We know that the current market is getting more and more intense as far as competition is concerned. We plan to offset our competitors by ensuring the market knows of the strengths of MHI’s H-IIA launch services, which are on-time launches and highly reliable. Additionally, we aim to promote the value of H3 through the following points…
• Price competitiveness
• Better mechanical environment, such as shock and vibration reduction, small load factor from liftoff to separation, and more
• Quick launch response—the plans are to accelerate the launch process from the current market standard of 24 months to 12 months
Coincidentally, 2020 is a year when many new launch vehicles from other launch service providers will be (expected to be) rolled out. Through the H3, MHI aims to secure a considerable share in the commercial satellite launch market.
SpaceX is planning to launch their first reusable launch vehicle—‘Falcon 9R’ — in 2016. Does MHI have any plan of developing such a reusable launch vehicle?
Dr. Ko Ogasawara
MHI fully understands that Space X has aggressively been proceeding with the creation of their reusable launch vehicle, the Falcon 9R.
Reusability will definitely be one of the upcoming technological paths for next generation launch vehicles. MHI started the reusable launch vehicle research over 10 years ago. For reusability, the key technology is not only reusable components and sub-systems, but total system reusable operation. MHI has developed reusable components including reusable small sized liquid hydrogen/oxygen engine and tested successfully with variable thrust repeatedly.
Moreover, by the experience of consecutive operations of small sized vertical take-off and landing reusable vehicle, MHI continues to learn the essential technologies for reusable operations. Reusable technologies acquired through our research process will be reflected to full-sized reusable launch vehicle that will succeed to expendable H3 launch vehicle.
The smallsat market is exploding for large and small satellite operators and manufacturers—what are MHI’s vision and plans for this market segment?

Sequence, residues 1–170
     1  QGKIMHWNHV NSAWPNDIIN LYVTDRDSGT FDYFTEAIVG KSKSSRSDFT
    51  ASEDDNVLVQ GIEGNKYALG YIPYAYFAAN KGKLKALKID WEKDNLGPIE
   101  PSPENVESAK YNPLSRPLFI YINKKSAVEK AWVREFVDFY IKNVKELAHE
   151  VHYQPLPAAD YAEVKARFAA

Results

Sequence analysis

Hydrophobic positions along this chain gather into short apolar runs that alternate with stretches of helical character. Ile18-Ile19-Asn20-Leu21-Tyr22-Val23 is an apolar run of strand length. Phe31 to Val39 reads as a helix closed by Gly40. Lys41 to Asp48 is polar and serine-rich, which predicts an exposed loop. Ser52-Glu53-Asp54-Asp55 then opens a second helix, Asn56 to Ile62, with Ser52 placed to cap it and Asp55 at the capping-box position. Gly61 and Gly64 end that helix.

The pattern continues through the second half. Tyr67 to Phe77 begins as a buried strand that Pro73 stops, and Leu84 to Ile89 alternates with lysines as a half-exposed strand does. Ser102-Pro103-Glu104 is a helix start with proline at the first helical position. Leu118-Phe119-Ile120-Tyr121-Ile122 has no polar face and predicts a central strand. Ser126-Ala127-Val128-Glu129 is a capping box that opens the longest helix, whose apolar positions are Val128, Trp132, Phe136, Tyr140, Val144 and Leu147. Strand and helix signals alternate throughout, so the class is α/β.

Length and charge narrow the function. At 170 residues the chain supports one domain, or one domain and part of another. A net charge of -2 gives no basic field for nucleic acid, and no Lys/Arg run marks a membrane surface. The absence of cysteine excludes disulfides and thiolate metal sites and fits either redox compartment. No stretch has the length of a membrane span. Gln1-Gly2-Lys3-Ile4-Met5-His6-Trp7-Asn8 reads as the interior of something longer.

Dr. Ko Ogasawara
MHI understands that LEO constellation ideas have been prevalent in the space community and LEO constellation system might cover a large portion of the conventional commercial broadcasting and communications satellite environments.
However, there remain issues to be resolved, such as the mass production of smallsats and their launches—I believe that the current, major players within the satellite manufacturing and/or launch services providers are trying to resolve such issues.
That being said, the smallsat market is highly attractive for us. In H3 development activity, we are going to ensure compatibility for LEO constellation satellites reflecting our experiences to launch small co-passenger satellites on current H-IIA launch service. I believe this will certainly expand our service offerings.
Smallsats, with such a wide variety of possibilities, are indeed a market-changing product and MHI is extremely interested in their development. To prepare for future market needs, MHI is strongly considering how to make significant contributions to this market as well as to commercial satellite launch services.
We do realize this is not an easy place for us to enter this market and immediately obtain success, so we are looking for other solutions, such as collaborations with existing manufacturers and satellite operators.
Please advise our readers as to the activities MHI will engage in over the next several years.
Dr. Ko Ogasawara
MHI has been playing a major role in Japanese space programs for over 40 years and this position will remain the same.
In 2015, the Japanese government issued the “Space Basic Plan,” which illustrates the comprehensive roadmap for national space activities. In this plan, we find that the Japanese space policy has placed more importance on the industrial use of space rather than scientific R&D.
With full understanding of such policy, MHI will aim to obtain more contracts from overseas customers via our core launch vehicles. The company will also be taking part in the nexgen space programs, such as the upcoming enhanced HTV and other international space probes.
Finally, MHI develops and manufactures approximately 700 products in various fields—these technology solutions and a highly skilled workforce will enable the company to resolve any challenging issues presented and to create preferable solutions. Also, through the interactive collaboration, we aim to provide new business models and unique added values to the space business.
I firmly believe MHI will become one of the most productive players within the space business community.